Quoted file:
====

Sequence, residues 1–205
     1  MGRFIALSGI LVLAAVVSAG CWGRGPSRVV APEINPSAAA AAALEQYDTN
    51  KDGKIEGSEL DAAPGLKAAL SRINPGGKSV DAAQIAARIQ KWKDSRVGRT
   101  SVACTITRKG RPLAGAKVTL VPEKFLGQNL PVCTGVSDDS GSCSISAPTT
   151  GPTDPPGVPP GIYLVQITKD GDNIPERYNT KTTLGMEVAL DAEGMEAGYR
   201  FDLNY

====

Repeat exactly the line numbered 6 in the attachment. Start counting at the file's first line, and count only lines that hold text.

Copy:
   201  FDLNY